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Farmer consultation has officially been launched before October's referendum seeking to reintroduce a wool levy.
The referendum, on October 10, asks sheep farmers to fund a new industry body by approving a levy of between 2c and 5c for each kilogram of greasy or slipe wool at the first point of sale.
That equated to $4.6 million at 3c a kg for 154,000 tonnes of wool annually if the 17,000 farmers eligible to vote agreed.
There was further potential investment from the Government but farmers needed to ''put our money where our mouth is'' before that happened, Wool Levy Group chairwoman Sandra Faulkner said.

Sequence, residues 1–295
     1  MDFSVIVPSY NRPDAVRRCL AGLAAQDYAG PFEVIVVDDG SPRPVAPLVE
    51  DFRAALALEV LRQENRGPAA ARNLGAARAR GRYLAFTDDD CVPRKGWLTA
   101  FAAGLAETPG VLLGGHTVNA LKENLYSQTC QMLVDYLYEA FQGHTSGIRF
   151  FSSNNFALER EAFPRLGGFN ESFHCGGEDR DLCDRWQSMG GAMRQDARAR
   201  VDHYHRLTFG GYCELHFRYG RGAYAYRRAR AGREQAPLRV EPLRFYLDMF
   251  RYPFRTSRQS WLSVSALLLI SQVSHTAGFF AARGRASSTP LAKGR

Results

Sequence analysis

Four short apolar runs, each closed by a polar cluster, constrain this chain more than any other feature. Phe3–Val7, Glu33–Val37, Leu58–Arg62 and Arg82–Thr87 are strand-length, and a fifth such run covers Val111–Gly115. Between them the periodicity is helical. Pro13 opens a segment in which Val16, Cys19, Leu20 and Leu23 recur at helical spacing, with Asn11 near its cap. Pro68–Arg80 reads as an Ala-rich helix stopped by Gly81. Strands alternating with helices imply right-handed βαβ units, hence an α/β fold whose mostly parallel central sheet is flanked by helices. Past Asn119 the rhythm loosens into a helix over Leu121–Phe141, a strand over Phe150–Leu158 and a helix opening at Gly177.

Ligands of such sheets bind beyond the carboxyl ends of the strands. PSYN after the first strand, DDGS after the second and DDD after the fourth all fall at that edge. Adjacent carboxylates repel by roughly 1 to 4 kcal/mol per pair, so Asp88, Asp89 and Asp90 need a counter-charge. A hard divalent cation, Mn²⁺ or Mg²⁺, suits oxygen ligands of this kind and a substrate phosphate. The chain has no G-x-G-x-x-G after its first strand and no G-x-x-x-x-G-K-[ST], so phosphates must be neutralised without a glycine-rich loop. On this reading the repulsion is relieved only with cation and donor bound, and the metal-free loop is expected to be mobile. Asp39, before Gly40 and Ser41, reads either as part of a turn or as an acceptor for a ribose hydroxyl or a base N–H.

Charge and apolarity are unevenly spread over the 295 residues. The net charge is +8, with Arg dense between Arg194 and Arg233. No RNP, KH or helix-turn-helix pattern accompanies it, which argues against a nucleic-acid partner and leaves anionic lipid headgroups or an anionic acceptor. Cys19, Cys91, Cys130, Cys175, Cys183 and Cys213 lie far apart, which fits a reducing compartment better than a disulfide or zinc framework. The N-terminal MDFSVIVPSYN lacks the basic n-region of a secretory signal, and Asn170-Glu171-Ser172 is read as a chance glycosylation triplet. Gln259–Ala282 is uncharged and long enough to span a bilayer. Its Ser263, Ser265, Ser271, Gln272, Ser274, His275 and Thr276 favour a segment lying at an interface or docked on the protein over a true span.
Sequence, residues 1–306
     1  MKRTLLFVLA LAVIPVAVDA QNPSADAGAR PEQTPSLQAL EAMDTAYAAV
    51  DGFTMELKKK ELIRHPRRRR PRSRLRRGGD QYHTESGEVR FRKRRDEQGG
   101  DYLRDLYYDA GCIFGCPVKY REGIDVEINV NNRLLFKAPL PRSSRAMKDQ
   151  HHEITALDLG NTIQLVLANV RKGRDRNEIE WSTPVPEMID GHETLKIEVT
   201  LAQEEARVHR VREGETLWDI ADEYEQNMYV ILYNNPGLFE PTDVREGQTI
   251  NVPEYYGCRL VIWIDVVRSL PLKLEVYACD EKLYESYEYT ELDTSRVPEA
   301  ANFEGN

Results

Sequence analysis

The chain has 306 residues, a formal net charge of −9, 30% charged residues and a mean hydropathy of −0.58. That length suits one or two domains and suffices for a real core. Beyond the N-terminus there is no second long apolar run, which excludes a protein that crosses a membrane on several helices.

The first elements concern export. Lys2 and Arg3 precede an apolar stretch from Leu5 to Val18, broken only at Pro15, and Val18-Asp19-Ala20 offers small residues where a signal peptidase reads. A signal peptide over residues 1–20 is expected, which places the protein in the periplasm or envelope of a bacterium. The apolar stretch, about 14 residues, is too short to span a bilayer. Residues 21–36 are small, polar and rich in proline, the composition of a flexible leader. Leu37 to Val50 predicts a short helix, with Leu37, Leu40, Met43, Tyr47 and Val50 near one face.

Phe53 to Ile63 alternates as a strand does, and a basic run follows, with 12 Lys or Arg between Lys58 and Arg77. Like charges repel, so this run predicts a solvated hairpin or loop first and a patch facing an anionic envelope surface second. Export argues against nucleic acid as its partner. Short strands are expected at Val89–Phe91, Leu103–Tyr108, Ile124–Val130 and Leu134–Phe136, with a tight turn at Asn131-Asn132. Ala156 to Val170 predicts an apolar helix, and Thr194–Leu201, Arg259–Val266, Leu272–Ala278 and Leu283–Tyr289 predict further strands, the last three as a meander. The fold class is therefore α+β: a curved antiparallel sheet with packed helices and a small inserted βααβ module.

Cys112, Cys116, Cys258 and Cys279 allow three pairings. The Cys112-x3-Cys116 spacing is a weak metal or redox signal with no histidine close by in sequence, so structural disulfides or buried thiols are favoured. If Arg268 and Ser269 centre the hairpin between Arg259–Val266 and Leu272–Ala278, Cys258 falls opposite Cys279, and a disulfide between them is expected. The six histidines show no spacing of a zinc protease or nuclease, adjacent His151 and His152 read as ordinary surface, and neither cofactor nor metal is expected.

Wool was the ''fibre of the future'' and the referendum was the industry's chance to make a difference to its future.
''Sheep is not a one-dimensional animal. It is dual purpose but the value of wool is not recognised here or overseas, and as a result, we are underselling ourselves in the market,'' Mrs Faulkner said.
The industry was worth $700 million and a collective voice was needed to educate, innovate and invest in its future, she said.
Jeanette Maxwell, Federated Farmers outgoing meat and fibre chairwoman, urged farmers to make sure they were informed and to vote.
''Voting is the expression of commitment to ourselves and our industry, no matter which box you tick,'' Mrs Maxwell said.